Florida NEXT Foundation President Ned Pope spoke to members of the South Tampa Chamber of Commerce at the Mainsail Conference Center about the foundation and our upcoming Give Day Tampa Bay project. This monthly luncheon is a great networking event with some of south Tampa’s most energetic and involved businesses owners.
By Robert Trigaux, Times Business Columnist
Now that Alex Sink is running full bore for former Congressman Bill Young’s open seat in Pinellas County, she’s shedding a number of other duties and titles.
To avoid any potential political conflicts of interest, Sink recently gave up her role as chair of Florida NEXT, the Tampa-based think tank she founded a few years ago.
Florida NEXT now will be chaired by George Gordon, a name known to many business leaders in the technology and startup communities here. But Gordon is no caretaker chairman. He envisions Florida NEXT as an umbrella organization to help coordinate the still piecemeal efforts of Tampa Bay’s business incubators, pursuits of venture capital funding and other regional assets that support business startups here.
Would herding cats prove any easier?
Gordon says he’s gotten positive feedback and some curiosity over the idea of adopting a more “cohesive strategy” to help area startups.
“Nobody wants to end up worse off than where they started,” Gordon acknowledges. “I think by working together, we can raise the tide and float all boats.”
Gordon, who relocated here from Silicon Valley years ago, is on to something. A common frustration of many area startups is their lack of visibility and the absence of a single go-to place for assistance — whether it’s mentoring, fundraising or networking.
Sure, the rise of incubators like the Tampa Bay Innovation Center in Pinellas County, Tampa Bay WaVE in downtown Tampa or USF Connect on the Tampa campus helps a lot. But Gordon, who has chaired or sits on the board of several of these organizations, believes a third-party group like Florida NEXT could help raise the bar on collaboration.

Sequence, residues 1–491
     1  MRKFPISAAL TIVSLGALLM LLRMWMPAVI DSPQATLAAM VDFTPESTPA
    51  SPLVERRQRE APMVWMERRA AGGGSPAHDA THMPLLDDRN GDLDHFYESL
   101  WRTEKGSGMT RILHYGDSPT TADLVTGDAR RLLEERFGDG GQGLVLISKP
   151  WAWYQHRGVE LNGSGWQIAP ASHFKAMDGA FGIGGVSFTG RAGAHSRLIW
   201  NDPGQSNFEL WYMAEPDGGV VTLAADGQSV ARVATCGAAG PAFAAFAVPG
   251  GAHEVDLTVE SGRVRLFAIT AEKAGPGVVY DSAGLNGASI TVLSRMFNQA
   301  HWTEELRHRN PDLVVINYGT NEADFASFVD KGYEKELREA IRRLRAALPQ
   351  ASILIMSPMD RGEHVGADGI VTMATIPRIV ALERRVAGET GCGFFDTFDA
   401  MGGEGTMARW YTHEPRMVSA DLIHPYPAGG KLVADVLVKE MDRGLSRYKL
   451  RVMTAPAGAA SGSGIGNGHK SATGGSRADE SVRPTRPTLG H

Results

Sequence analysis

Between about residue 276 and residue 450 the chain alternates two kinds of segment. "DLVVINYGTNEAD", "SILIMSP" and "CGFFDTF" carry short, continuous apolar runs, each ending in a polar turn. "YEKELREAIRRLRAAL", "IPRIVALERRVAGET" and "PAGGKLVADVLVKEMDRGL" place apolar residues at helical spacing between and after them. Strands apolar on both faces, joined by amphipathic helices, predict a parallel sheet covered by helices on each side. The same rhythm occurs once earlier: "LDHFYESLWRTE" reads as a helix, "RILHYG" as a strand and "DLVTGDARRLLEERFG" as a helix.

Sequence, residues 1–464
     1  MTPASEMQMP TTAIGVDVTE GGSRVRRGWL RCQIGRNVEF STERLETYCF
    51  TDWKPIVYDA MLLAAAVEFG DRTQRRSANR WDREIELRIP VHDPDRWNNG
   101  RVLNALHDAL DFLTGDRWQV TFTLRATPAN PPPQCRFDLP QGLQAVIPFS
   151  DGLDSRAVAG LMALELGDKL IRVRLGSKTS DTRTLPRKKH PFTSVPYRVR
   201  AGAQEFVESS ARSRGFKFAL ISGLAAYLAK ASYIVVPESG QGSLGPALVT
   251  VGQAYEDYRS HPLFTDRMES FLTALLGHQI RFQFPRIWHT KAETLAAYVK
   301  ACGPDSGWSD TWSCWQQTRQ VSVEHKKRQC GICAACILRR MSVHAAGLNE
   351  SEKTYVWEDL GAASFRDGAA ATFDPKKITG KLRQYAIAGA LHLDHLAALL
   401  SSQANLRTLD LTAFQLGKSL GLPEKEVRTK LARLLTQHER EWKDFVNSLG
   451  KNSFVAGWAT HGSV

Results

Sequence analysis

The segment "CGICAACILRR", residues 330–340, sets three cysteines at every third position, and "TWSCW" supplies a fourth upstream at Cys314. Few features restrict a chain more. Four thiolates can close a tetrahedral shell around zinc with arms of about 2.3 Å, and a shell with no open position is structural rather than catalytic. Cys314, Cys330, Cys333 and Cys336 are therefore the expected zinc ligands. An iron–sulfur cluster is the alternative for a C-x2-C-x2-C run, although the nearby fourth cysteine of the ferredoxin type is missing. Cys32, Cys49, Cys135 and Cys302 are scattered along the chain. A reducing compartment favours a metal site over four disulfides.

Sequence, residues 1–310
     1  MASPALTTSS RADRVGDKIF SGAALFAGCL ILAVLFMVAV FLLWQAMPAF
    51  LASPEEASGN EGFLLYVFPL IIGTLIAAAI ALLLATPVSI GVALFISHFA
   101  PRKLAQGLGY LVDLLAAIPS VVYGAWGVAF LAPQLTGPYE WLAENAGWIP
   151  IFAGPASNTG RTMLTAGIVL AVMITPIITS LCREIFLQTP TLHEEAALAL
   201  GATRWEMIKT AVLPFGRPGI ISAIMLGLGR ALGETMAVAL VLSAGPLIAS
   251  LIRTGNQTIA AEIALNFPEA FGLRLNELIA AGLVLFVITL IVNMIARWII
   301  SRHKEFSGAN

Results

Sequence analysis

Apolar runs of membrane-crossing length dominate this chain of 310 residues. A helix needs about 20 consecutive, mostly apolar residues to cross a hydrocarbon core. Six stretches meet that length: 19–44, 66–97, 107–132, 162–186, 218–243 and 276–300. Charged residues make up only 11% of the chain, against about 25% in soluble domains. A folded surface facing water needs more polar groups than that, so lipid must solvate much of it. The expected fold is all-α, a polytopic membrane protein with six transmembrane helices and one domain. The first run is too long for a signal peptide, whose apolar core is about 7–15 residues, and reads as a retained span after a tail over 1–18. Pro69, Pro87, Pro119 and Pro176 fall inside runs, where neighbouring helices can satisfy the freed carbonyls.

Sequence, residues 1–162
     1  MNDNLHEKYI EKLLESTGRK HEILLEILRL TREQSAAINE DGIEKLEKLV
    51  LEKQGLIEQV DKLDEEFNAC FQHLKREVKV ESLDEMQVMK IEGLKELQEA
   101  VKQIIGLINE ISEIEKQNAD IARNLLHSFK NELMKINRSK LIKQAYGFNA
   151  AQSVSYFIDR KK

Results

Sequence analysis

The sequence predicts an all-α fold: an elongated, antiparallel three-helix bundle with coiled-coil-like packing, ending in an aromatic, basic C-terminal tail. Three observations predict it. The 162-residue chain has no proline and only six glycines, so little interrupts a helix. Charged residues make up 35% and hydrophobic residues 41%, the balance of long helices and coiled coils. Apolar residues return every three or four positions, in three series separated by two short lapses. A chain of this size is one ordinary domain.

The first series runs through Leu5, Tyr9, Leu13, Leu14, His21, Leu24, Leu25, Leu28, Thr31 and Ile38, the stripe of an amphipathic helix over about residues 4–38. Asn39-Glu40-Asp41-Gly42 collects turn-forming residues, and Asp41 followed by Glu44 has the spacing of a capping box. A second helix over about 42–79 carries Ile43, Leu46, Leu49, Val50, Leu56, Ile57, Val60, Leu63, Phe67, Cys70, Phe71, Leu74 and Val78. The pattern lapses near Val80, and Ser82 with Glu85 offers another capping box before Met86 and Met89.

Asks Gordon: “What if Florida NEXT could be the umbrella that ends partiality to any one organization?”
Why all this fixation on improving coordination?
Because Gordon — like many area technology leaders — wants to better the odds of creating and nurturing a Tampa Bay startup that hits it big. Why can’t this area be home to a company just like Austin is to Dell or Cupertino is to Apple?
“Creating some breakout companies. That will be a focus of mine,” Gordon says.
Nothing will better splash Tampa Bay’s tech industry on a larger map than a startup-turned-big success. Focusing the region’s best resources on promising startups will more likely make that happen.
But we are getting ahead of the playbook. A former CEO and owner of Tampa energy industry startup Enporion, Gordon only recently became chair of Florida NEXT. His board of directors and staff soon will go on a retreat to discuss their strategy. And while Sink is no longer chair, she still awaits a legal opinion to see if she must completely detach herself from the group.
When Gordon left for Tampa Bay 13 years ago, his Silicon Valley peers shook their heads. Tampa? There’s no technology in Tampa.
Gordon wants to send them a message soon so they can see what they missed.
Robert Trigaux can be reached at firstname.lastname@example.org.
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